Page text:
pump water to an upper storage reservoir.
Electricity can then be supplied back to the grid by opening
the sluices and allowing the water to drain back into the lower
reservoir through six giant turbines. Dinorwig can produce up to
288 MW and reach maximum generation within 16 seconds, according
to its operator First Hydro.
First Hydro also owns and operates a smaller and older
facility nearby at Ffestiniog which can deliver 90 MW to the
grid in about 60 seconds.
The problem with pump-storage is that it is enormously
expensive and suitable sites are rare. Batteries are cheaper and
can be scaled to any required size. Storage batteries can be
installed at any scale - from an individual home to a street, or
even directly onto the distribution and transmission networks at
the substation level.
But batteries are still more expensive than conventional
network reinforcement. In general, distribution companies find
it cheaper to install extra lines and substations to meet peak
UKPN puts the capital cost of the battery scheme at Leighton
Buzzard at 11.2 million pounds ($18.82 million), compared with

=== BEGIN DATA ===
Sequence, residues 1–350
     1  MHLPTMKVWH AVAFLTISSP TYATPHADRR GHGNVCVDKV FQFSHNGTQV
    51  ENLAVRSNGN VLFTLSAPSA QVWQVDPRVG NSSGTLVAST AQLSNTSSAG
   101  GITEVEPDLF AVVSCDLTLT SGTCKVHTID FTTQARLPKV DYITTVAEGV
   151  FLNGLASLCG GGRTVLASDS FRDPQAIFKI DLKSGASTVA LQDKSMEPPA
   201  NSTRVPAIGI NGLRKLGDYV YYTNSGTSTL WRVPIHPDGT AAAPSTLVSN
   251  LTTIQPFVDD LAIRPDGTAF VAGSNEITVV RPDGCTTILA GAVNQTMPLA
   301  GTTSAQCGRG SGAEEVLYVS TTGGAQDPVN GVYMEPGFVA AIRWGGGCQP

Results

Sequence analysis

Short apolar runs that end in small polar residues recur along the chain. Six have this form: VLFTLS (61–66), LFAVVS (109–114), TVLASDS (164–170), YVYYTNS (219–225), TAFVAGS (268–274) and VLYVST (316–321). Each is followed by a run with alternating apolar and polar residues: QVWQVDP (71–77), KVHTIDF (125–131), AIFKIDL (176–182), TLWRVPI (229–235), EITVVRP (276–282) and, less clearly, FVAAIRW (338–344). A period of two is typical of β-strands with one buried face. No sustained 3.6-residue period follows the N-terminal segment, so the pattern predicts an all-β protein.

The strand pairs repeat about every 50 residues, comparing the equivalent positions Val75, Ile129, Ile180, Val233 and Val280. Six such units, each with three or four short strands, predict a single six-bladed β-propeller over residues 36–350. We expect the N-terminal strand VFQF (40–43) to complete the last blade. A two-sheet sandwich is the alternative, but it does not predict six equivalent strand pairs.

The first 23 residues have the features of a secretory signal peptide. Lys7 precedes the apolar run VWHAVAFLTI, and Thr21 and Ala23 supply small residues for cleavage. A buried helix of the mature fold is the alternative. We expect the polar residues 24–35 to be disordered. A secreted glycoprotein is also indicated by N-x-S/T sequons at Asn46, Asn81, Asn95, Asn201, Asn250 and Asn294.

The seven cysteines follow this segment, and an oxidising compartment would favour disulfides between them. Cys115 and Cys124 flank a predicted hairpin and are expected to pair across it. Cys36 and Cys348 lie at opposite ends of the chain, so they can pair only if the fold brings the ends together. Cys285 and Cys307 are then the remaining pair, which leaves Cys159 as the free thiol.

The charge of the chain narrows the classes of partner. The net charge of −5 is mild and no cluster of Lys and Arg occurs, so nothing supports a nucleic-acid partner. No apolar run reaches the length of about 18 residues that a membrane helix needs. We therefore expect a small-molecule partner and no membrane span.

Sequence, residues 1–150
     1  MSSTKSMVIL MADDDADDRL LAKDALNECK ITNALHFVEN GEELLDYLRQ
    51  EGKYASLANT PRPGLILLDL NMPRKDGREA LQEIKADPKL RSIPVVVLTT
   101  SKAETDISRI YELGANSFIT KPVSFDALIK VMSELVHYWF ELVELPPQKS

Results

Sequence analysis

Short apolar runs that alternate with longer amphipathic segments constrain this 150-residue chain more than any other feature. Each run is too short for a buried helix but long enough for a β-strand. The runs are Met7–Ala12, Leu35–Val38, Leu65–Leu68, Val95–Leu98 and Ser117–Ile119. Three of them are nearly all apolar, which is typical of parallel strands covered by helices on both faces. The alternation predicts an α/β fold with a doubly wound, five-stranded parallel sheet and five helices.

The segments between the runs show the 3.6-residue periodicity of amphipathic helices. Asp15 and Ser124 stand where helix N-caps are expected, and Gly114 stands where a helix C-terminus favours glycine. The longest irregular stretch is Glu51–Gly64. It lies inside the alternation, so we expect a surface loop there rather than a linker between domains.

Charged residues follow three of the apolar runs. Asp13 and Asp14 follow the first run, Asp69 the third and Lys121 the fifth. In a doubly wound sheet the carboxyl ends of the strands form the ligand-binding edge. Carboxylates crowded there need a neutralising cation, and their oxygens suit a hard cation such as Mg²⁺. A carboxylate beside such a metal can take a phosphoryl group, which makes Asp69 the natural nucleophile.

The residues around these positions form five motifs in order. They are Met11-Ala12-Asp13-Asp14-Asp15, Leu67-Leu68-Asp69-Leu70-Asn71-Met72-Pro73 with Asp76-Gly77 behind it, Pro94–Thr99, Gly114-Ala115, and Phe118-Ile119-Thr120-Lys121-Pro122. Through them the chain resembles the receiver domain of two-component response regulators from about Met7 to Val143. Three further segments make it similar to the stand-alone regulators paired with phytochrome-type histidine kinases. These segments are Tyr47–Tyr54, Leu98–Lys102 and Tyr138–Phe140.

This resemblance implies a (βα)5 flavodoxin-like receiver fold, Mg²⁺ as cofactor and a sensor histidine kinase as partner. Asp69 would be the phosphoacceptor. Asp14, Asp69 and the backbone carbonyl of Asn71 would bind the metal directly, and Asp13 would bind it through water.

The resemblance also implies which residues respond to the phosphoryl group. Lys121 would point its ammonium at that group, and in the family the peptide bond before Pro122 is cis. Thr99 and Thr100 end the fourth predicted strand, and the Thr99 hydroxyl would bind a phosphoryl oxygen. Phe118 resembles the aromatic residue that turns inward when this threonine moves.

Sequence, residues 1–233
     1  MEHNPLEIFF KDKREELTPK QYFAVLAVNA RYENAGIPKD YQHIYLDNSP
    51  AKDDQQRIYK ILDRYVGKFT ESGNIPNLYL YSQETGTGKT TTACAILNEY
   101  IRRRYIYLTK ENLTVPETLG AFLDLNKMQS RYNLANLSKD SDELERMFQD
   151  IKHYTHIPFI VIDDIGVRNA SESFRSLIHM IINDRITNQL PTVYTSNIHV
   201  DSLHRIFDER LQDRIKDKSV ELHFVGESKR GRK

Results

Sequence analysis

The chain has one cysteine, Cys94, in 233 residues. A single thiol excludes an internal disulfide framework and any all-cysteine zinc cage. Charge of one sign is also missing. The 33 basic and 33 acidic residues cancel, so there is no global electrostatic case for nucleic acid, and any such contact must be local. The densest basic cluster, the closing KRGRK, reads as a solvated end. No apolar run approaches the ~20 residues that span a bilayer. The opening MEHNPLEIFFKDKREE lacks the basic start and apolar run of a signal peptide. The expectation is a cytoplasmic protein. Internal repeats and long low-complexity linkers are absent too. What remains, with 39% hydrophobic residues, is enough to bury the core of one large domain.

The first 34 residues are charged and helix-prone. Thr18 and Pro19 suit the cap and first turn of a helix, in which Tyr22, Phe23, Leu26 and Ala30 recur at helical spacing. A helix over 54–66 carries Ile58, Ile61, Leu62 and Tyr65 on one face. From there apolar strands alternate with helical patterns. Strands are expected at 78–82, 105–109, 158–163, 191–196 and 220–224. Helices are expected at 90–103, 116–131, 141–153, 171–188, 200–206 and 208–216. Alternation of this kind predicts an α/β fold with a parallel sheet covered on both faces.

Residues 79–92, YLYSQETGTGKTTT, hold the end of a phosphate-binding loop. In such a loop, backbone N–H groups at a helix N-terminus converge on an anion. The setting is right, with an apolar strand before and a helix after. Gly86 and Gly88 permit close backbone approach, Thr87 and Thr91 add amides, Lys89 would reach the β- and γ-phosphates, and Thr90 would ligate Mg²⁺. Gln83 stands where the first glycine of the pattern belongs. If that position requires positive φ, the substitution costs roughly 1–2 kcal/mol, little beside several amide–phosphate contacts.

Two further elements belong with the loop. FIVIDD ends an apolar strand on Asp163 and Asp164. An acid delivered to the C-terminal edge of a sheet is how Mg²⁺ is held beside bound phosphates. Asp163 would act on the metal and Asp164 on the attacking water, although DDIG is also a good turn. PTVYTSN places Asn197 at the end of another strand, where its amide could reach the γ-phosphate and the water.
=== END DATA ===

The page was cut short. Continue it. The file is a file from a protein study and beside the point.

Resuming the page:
6.2 million pounds for conventional reinforcement, with an extra
overhead power line and another transformer.
"On a pure capital expenditure basis, energy storage can
seldom compete with conventional options," the company admitted
in a presentation back in 2011.
But the company hopes that battery storage could become more
economic in future if costs come down with more experience.
Battery enthusiasts also hope their storage units can earn
extra revenues by providing a variety of additional services to
the grid, for which they would get paid.
Battery farms could earn extra revenue by providing
balancing services like fast-response and participating in the
short-term operating reserve, according to S&C Electric Europe,
which has done much of the design and engineering work on
Battery farms could also help regulate voltage, supply
reactive power to support the grid, and earn payments under
government plans for capacity markets.
There are still some problems to overcome before battery
farms can start unlocking all these extra revenue streams.
Britain's regulators consider electricity storage to be a
form of generation. Under current rules, distribution network
operators like UKPN are not meant to own "generation" assets
directly, so it has to be organised through independent third
Giant battery farms still seem outlandish. But storage will
probably play a much bigger role in the smart electricity grid
of the future. If it does, it will be thanks in no small part to
($1 = 0.5953 British Pounds)
(Editing by Keiron Henderson)